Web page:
That continuing sense of entitlement

That continuing sense of entitlement

“Fighting for First Communion”

Although she is partially deaf, Madison Smith is a typical 9-year-old girl.

She wants to be a teacher when she grows up. She feels like people don’t always understand her.

And as a Catholic, she wants to fully understand what it means to take part in her First Communion.

Although Madison was supposed to make her First Communion in April 2007, she may not able to, said her mother, Diane Smith.

Smith wanted Madison to have an interpreter in religious education classes at St. Ann Church in Lansing so she could understand what communion means. Smith said she began speaking with church and school officials in September in order to find an interpreter for her daughter.

In November the school said it would provide an interpreter if the mother agreed to attend classes with her daughter. The mom said she was too busy and didn’t have time.

This is the problem with much of Catholic religious education. We treat it like we treat the school system: as an institution over to which we hand our children to be indoctrinated. The first responsibility for the religious education and catechesis of our children belongs to the parents, not the parish or the Church as a whole. We are under no obligation under canon law to hand over our children to a parish or school to prepare them for First Communion. In fact, I would say that the normative place for such education is in the home. When I was coordinator for my parish’s religious education program, all too often I saw parents who simply dropped off their children with the expectation that we would make them Catholic despite the fact that the rest of the week they had no discernible Catholic formation.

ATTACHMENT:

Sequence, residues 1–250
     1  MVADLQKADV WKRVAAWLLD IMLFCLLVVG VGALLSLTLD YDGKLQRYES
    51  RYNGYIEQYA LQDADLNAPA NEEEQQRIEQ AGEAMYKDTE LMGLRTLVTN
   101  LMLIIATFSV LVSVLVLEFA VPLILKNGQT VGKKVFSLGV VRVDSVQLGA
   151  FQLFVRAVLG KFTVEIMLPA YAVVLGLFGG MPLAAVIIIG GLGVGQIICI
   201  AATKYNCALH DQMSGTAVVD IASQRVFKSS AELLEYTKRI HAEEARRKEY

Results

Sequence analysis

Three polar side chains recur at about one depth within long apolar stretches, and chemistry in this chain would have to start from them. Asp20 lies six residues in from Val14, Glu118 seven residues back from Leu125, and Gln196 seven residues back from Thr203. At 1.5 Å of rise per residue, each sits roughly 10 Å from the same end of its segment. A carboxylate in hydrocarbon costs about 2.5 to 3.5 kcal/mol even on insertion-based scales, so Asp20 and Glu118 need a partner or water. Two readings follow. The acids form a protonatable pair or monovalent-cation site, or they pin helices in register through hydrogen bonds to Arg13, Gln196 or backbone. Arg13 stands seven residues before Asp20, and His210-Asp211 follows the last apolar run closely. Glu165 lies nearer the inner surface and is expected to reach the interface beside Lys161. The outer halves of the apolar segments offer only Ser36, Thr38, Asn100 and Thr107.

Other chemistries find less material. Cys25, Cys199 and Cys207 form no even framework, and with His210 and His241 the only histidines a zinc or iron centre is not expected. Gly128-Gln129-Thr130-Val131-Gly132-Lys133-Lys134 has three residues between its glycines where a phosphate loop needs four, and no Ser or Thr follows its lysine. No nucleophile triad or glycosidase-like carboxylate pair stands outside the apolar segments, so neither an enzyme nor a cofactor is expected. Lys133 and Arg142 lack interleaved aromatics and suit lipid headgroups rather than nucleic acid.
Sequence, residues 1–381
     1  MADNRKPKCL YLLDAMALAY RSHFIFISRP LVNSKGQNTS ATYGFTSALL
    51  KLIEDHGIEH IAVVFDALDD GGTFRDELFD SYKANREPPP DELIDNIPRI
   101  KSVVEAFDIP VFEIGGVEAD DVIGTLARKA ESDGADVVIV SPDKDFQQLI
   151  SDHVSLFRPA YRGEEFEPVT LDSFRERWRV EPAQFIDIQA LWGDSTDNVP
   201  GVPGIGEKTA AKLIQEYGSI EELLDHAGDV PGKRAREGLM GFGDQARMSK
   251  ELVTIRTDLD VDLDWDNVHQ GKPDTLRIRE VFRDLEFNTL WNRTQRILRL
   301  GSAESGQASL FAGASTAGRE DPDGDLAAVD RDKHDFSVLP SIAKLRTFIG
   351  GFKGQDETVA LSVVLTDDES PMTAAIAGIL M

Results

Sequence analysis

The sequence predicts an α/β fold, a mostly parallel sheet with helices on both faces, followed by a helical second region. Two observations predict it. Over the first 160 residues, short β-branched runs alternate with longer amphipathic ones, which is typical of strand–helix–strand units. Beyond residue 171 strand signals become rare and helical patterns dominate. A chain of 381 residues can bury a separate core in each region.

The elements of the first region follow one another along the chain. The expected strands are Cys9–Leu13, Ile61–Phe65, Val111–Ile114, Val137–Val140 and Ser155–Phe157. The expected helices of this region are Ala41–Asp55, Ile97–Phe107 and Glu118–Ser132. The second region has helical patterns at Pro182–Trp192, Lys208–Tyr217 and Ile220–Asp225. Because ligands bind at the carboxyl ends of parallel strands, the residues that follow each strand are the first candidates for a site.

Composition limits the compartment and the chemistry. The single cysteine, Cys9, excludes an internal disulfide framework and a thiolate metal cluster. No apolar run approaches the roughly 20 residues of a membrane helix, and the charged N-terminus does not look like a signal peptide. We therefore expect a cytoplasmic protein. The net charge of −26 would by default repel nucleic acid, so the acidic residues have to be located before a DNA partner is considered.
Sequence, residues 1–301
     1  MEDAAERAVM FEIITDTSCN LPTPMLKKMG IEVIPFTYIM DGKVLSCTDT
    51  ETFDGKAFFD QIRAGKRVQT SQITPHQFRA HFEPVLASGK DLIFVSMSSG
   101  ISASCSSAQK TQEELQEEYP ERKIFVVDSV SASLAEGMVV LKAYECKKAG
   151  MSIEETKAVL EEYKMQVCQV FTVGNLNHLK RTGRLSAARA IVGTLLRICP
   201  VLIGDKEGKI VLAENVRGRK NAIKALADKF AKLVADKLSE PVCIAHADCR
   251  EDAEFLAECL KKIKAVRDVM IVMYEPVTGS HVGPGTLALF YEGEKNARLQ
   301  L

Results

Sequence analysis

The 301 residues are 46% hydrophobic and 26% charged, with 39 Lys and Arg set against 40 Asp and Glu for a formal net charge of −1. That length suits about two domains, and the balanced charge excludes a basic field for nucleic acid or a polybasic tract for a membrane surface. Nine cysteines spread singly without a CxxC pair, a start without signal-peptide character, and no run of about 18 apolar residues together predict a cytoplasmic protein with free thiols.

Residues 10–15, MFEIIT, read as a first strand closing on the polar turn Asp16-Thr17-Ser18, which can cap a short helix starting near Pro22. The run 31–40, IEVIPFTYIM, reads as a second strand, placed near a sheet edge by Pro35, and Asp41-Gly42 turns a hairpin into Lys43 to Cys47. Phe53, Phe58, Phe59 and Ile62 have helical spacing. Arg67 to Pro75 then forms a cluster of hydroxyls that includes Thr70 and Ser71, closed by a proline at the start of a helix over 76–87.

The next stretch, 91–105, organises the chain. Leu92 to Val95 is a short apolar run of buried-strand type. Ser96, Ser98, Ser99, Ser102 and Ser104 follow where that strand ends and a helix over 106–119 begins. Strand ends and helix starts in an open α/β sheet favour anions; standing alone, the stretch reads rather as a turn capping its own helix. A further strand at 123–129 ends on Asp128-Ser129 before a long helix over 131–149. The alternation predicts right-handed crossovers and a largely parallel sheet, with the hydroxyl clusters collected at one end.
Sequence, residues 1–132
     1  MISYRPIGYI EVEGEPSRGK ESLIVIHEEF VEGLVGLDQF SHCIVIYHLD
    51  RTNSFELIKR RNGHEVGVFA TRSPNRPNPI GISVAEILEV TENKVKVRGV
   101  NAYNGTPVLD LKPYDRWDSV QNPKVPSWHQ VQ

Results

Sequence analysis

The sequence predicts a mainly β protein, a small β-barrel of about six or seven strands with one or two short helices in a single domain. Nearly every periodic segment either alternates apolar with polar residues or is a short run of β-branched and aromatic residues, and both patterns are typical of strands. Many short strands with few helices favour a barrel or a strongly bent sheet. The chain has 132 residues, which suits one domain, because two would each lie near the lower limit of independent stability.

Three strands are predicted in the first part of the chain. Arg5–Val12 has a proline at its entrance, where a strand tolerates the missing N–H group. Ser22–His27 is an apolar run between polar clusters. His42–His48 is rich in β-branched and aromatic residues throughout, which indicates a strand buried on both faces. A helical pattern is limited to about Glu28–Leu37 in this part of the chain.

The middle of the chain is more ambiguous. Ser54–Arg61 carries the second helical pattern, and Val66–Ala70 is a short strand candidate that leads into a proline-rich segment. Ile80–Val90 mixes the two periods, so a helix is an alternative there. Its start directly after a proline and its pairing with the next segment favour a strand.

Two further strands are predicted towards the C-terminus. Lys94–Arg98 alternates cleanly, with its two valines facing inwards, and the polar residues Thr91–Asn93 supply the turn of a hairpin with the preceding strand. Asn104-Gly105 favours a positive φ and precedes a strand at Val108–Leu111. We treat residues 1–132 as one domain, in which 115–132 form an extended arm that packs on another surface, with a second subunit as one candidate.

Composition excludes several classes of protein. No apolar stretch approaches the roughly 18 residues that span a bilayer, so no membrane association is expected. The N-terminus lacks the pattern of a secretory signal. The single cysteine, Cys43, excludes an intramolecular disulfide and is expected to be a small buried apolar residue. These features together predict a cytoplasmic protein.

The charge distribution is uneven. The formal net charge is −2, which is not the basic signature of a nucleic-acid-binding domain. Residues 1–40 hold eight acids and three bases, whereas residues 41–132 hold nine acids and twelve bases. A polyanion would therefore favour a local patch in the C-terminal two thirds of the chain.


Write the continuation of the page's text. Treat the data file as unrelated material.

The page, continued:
It wouldn’t be a bad thing for the deaf girl’s parish and school to provide an interpreter, but I don’t think they have a moral obligation to do so. Rather than expressing a sense of entitlement regarding First Communion and religious education, maybe the girl’s parents need to assess their own priorities.

“I have never in my 36 years of life felt so abandoned and attacked by my church,” Smith said. “If I’m not going to be an advocate (for Madison), who is going to be?”

Instead of being an “advocate,” why not be a role model and teacher and catechist for your daughter?

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